Local economic development and rural women: a case study of the Vulindlela Region, KwaZulu-Natal.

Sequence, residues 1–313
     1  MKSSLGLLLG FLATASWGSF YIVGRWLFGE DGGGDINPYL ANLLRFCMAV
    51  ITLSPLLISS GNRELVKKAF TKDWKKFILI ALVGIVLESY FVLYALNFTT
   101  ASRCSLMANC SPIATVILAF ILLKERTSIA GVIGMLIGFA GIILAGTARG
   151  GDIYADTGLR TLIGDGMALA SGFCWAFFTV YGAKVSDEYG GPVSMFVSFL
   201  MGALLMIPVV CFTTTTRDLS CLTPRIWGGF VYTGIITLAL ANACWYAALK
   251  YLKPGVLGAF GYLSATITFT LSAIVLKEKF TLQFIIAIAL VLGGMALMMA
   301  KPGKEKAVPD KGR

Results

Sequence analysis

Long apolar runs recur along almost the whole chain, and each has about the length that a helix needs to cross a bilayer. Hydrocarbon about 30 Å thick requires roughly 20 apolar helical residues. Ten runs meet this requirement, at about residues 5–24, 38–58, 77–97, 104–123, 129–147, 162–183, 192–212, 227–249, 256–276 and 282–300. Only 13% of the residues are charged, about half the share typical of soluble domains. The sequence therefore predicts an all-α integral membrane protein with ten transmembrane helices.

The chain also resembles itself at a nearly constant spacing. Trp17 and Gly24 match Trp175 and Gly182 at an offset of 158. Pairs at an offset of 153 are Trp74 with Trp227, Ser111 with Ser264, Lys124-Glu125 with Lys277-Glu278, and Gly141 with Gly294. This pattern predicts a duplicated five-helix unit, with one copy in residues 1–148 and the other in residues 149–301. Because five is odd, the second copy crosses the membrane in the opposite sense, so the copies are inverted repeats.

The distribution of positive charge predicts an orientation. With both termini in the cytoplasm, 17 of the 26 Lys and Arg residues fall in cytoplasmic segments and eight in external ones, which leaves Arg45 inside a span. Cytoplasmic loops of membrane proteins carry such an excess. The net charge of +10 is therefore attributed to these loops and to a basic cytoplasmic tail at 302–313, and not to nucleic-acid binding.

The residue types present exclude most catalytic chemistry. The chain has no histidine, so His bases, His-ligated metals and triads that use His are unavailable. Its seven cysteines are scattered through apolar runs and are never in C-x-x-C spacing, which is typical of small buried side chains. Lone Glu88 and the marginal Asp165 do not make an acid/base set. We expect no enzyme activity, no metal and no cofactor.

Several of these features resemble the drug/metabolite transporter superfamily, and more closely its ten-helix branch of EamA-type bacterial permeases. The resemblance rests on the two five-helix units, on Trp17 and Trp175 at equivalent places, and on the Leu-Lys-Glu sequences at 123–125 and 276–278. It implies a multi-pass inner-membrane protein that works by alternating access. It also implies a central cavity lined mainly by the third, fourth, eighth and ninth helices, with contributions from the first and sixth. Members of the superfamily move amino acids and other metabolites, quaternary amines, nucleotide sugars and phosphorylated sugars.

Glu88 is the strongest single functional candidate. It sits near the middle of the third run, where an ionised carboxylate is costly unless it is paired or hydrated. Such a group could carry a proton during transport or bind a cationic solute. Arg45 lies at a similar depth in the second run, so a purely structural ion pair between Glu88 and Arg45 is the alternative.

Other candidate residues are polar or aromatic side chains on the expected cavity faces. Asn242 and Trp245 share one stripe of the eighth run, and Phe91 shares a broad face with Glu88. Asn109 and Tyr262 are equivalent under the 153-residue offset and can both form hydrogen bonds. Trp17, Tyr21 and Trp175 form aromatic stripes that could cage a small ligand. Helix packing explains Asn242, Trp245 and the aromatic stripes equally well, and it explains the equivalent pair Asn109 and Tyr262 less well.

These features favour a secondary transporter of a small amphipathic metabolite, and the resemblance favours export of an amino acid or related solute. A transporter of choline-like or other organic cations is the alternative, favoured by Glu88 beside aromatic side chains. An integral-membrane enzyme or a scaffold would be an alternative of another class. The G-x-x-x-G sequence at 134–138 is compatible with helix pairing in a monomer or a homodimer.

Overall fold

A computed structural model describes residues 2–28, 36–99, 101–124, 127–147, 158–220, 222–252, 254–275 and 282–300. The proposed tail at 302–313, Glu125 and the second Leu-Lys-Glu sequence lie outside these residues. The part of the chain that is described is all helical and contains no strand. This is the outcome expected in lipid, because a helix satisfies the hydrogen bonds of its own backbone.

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In South Africa, almost half of rural households are headed by females even though they are the most disadvantaged and poorest sector of the population. In light of this, it is critical for rural women to be empowered economically in order to sustain their households. This study focused on local economic development opportunities for rural women as a strategic intervention for creating income generating activities in order to help them sustain their livelihoods, as well as to support their households. Local economic development is essentially about building up the economic capacity of a local area and can only thrive in a climate that is conducive for growth and development. Local government plays a pivotal role in fostering a climate that is conducive for local economic development to thrive. The study was conducted in Vulindlela, a rural district within the Msunduzi Municipality, in the province of KwaZulu-Natal, South Africa. Vulindlela, like any other rural area in South Africa, is characterized by extreme poverty, lack of basic infrastructure and a significantly high level of unemployment. The objective of the study was to establish the perceptions that the women of Vulindlela have, with regard to accessing local economic development opportunities. The research was quantitative in nature. Quantitative data was collected using a structured questionnaire with open ended-questions such as, “other” or “comments” at the end of each question, in order to solicit in-depth information. The research sample was drawn using non-probable, convenience sampling. The female respondents in this study indicated that they encounter numerous challenges in their endeavor to access local economic opportunities. Furthermore, the study results reveal that women do not have the same opportunities as men. Finally, driven by a wide scope of stakeholder interest, this dissertation recommends the implementation of a gender responsive budget and investment in infrastructure, meaningful execution of gender sensitive programmes such as affording women an equal opportunity to participate in local economic development initiatives.